As Us

A Space for Writers of the World

Lisa King—Nonfiction

Making Ceremony Out of Darkness: Walking With Our Sisters, Ziibiwing Center

 

Handle these watchwords with love—make a healing space for families and loved ones in pain.
These are the teachings.

We remembered the lost with
designs in white ribbon on a red floor,

cedar branches in spreading green,
vamps of buckskin, felt,
velvet, birchbark, paper
a rainbow of patterns,
a multitude.

 

Overwhelmed with the sheer beauty of what I had witnessed, I left the first night singing to myself—so glad to be alive and to be able to help with such a project. But as soon as I sat down in my car I was halted, pierced by a single thought. I was reminded: We should not have to do this.

—————We should not have to do this.
——————————We should not have to do this.
———————————————We should not have to do this.

We should not have to set out tissues.

We should not have to wrap the grieving in blankets.

We should not have to hold these precious vamps in our hands
—————each one a story of a life missing or lost.

2,000 pairs.

We should not have to make a ceremony to keep them close.

We should not have to look at our friends, mothers, sisters, daughters, relatives, ourselves
—————and wonder who might be next?

We should not have to fight a legal system that does not care
—————that does not even count the missing.

 

We should not have to do this.
—————There is not enough sage in the world to clear the grief.

I wiped my face clear of tears—
—————kept the tissue for the tear bag at the memorial.

 

Everyone came back the next day and we opened the installation, the ceremonial lodge, with good words and love of the community—even if we didn’t have to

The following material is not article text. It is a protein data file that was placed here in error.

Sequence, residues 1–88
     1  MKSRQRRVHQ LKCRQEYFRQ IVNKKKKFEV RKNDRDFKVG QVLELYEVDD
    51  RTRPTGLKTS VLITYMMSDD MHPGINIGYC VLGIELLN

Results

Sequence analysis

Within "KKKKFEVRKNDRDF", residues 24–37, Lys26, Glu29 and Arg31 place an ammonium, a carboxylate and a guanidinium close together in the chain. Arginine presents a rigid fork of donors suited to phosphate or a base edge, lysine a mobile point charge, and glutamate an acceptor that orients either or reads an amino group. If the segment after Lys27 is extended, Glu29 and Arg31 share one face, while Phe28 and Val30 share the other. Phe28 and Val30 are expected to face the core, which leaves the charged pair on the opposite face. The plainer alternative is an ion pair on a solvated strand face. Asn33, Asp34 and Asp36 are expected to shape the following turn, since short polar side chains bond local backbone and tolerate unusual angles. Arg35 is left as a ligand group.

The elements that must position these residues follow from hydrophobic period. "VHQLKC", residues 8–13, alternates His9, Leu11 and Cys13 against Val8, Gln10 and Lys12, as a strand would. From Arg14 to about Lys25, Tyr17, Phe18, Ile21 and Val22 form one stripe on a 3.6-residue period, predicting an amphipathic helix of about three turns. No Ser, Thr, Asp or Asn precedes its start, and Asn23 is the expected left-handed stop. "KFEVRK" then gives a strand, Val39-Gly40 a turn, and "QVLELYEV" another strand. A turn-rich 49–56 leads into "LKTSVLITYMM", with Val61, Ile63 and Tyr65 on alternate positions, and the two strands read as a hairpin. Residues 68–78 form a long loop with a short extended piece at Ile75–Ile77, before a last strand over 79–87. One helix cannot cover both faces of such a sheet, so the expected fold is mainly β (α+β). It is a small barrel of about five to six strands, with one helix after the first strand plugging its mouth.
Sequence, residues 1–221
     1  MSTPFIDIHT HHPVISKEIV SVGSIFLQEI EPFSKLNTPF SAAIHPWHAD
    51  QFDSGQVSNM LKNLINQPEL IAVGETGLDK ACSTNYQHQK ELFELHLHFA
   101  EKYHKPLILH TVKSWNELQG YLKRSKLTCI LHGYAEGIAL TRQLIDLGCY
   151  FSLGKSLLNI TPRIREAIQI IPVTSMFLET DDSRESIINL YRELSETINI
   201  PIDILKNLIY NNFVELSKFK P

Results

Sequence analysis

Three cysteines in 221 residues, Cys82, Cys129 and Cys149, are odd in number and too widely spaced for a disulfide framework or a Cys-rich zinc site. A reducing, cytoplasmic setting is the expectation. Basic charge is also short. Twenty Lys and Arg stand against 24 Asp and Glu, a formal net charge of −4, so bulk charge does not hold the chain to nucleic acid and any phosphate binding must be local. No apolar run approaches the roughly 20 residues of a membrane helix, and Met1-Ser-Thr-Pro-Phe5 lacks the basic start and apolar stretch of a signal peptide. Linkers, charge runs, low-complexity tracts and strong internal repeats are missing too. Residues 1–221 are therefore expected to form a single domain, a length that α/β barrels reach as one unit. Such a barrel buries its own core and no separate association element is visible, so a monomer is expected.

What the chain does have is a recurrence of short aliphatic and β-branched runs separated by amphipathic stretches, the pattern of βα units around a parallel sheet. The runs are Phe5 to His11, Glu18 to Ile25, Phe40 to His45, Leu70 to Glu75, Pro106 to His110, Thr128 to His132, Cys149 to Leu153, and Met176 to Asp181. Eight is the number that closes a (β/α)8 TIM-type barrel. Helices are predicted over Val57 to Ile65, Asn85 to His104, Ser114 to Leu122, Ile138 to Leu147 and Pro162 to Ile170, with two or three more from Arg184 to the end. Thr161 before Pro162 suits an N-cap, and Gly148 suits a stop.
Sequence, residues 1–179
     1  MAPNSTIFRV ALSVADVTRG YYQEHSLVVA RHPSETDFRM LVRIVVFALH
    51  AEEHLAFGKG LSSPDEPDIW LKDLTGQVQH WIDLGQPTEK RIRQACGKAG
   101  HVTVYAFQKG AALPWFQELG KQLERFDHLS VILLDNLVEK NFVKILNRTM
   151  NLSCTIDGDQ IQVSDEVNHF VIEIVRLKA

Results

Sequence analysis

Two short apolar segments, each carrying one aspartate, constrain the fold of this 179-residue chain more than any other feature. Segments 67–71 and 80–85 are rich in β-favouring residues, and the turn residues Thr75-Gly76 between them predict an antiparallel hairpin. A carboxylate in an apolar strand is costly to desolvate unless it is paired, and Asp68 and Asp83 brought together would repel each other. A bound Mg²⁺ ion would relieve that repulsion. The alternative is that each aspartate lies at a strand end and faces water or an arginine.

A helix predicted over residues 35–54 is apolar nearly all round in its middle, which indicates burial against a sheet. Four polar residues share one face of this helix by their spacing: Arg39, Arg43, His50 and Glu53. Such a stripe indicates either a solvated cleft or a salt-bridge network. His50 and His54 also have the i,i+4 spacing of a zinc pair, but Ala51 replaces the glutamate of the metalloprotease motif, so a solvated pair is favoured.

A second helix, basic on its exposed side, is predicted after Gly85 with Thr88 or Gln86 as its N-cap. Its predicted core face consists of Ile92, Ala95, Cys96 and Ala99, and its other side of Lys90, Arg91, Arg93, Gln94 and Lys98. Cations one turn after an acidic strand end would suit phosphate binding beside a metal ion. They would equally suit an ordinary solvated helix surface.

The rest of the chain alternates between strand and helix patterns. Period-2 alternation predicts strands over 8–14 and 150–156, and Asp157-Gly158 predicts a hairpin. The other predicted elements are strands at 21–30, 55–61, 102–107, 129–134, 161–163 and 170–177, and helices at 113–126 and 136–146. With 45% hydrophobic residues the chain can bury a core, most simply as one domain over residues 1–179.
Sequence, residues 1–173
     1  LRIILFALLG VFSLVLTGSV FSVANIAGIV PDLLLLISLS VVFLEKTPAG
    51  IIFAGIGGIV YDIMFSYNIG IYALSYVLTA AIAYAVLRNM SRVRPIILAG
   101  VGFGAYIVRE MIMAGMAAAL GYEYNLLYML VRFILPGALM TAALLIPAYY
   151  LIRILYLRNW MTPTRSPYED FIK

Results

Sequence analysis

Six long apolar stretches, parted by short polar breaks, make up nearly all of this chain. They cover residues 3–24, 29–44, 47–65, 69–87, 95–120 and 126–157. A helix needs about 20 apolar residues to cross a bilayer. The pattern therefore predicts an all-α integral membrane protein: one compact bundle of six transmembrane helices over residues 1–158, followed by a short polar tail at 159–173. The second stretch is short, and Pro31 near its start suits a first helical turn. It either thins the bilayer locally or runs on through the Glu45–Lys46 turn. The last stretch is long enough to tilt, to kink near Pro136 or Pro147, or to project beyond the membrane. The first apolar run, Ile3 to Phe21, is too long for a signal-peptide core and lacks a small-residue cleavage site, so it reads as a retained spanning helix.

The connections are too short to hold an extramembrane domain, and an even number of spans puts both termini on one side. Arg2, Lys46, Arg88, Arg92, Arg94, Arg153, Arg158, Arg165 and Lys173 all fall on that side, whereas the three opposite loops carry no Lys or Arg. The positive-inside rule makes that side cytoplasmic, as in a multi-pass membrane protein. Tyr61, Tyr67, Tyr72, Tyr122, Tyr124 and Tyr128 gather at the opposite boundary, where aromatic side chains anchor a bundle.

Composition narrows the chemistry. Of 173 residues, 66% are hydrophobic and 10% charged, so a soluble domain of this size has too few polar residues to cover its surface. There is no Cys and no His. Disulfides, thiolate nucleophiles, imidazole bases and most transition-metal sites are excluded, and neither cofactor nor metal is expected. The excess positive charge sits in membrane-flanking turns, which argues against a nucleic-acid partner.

—————even if the rage and frustration were there
—————even if we cannot undo those losses.

We answer the violence with love and gentleness—beauty,
—————the work of a thousand hands.

Lisa King is a teacher and scholar of rhetoric, writing, and Native American studies at the University of Tennessee-Knoxville. Her research and teaching blend interests in cultural rhetorics with an emphasis in contemporary Native American and Indigenous rhetorics, visual rhetorics, and material rhetorics. Her specific areas of focus are Indigenous museums and the support of Indigenous self-representation for multiple audiences, and how that cross-cultural education can happen in both academic and public spaces. She is of European and Delaware descent.
Walking With Our Sisters is a commemorative art installation to honour the lives of missing and murdered Indigenous Women of Canada and the United States; to acknowledge the grief and torment families of these women continue to suffer; and to raise awareness of this issue and create opportunity for broad community-based dialogue on the issue” (“The Project”). For more information, visit www.walkingwithoursisters.ca.

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This entry was posted on September 17, 2017 by .

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